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Bulkheads are normally smaller than seawalls, as often their primary function is to retain fill at locations with only limited wave action, and not to resist coastal erosion. A bulkhead must, of course, be designed to resist erosion caused by the mild to moderate wave climate at a specific site.


Fig. 1. Typical design of a bulkhead structure. The indicated measures are in feet (') and inches (").

Bulkheads are normally constructed in the form of a vertical wall built in concrete, stone, steel or timber. The concrete, steel or timber walls can be piled and anchored walls, whereas the concrete and stone walls can also be constructed as gravity walls. A typical design of a bulkhead seawall is shown in Fig. 1. Special mesh boxes containing stones, e.g. the Gabion type, are also used, see Fig. 2.

Fig. 2. Example of bulkhead structure constructed by Gabion mesh boxes.

Functional characteristic

A bulkhead cannot really be characterised as a coast protection structure; it is rather a structure that is used to retain fills along the water perimeter of reclaimed areas and in port basins. The function of a bulkhead is, in protected environments, to retain or prevent the sliding of land at the transition between the land, filled or natural, and the sea.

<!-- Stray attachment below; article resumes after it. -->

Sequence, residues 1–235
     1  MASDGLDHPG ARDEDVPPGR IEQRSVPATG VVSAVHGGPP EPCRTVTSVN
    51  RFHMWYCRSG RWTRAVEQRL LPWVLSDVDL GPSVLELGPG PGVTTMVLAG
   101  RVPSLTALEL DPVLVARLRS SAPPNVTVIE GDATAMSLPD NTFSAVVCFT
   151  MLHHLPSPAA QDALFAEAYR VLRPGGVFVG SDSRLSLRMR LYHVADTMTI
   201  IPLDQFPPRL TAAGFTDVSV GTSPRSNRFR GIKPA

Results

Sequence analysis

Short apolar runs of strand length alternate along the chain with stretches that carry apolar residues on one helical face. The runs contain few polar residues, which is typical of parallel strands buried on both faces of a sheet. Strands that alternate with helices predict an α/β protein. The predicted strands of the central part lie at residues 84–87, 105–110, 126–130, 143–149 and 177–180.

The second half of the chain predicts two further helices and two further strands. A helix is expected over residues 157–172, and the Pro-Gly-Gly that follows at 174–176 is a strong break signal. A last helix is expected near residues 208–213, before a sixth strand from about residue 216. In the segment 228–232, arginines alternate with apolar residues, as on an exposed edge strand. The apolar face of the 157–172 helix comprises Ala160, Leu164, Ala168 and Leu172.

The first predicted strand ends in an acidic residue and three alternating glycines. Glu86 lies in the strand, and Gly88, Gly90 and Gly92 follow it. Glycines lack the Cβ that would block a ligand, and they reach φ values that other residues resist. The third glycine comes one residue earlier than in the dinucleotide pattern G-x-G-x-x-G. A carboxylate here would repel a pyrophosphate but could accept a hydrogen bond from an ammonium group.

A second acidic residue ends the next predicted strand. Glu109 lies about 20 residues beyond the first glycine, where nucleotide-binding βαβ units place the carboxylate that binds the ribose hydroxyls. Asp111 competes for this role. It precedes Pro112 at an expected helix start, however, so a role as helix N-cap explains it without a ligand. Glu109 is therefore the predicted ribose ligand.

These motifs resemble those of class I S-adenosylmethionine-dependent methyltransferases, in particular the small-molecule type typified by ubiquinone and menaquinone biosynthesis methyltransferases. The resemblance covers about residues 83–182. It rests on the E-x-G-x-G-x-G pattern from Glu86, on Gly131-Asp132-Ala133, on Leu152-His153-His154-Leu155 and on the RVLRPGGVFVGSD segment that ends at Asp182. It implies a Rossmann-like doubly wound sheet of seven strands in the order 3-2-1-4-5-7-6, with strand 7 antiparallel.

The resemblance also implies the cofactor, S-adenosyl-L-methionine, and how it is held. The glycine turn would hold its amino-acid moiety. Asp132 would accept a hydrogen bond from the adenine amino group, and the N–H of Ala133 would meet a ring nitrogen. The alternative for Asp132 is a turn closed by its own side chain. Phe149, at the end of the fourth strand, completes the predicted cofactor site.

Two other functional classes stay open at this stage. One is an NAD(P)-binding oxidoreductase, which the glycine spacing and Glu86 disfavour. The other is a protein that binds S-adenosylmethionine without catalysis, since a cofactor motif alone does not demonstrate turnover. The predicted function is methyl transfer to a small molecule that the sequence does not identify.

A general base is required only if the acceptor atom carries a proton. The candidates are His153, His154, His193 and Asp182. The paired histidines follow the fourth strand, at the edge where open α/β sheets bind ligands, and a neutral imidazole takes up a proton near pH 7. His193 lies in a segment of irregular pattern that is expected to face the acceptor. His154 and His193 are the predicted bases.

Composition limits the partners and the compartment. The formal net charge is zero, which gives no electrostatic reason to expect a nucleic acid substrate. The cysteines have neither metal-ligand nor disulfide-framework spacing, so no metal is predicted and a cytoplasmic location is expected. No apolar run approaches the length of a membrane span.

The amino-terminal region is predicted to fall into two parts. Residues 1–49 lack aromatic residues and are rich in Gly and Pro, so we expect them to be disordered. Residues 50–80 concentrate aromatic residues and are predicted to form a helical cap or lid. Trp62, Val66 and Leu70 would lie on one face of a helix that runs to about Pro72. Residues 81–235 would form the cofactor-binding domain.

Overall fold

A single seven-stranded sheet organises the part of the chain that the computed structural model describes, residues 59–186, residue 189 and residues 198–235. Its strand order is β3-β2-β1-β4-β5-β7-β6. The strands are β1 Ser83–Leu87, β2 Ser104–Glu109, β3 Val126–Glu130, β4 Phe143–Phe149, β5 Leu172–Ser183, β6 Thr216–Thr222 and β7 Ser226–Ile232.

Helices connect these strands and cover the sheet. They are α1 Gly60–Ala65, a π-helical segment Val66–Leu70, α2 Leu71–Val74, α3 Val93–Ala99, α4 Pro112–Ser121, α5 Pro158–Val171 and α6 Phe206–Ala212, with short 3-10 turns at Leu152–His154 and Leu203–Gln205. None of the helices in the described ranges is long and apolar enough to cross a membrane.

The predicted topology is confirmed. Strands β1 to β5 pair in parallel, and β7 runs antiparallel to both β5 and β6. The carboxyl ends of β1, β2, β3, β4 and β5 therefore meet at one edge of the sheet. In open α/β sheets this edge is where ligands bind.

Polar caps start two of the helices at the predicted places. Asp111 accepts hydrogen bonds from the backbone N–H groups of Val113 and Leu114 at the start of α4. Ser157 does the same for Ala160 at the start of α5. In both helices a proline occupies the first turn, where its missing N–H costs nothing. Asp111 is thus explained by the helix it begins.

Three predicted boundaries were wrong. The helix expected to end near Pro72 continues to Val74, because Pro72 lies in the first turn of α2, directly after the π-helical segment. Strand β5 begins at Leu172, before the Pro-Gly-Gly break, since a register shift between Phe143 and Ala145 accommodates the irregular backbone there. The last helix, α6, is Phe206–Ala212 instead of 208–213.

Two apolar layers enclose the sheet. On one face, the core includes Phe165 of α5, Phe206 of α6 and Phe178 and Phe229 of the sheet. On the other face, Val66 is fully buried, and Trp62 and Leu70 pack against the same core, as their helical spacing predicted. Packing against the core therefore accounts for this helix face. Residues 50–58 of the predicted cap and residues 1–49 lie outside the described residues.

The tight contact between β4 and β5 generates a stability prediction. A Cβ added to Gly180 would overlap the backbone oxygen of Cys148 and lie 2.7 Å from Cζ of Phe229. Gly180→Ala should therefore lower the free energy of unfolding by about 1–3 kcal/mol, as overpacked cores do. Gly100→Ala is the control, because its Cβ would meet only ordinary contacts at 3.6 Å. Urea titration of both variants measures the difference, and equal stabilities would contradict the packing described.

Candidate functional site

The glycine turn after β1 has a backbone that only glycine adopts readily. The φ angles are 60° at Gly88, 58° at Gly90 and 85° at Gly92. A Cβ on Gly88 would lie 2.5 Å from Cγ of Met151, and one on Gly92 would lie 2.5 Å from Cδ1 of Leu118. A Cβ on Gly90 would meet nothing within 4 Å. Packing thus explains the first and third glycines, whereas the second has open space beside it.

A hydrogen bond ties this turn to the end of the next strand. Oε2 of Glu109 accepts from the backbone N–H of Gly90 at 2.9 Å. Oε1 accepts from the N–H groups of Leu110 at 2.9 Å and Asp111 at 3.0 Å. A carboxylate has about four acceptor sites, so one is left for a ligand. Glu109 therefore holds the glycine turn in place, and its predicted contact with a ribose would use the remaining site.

Bulkheads function well as a separation between land and sea in marina basins, and along protected shorelines. They are used along natural shorelines and along filled areas, where a well-defined separation between land and sea is required.

Further reading

Mangor, K., Drønen, N. K., Kaergaard, K.H. and Kristensen, N.E. 2017. Shoreline management guidelines. DHI https://www.dhigroup.com/marine-water/ebook-shoreline-management-guidelines.

The main author of this article is Mangor, Karsten
Please note that others may also have edited the contents of this article.

Citation: Mangor, Karsten (2020): Bulkheads. Available from http://www.coastalwiki.org/wiki/Bulkheads [accessed on 20-05-2024]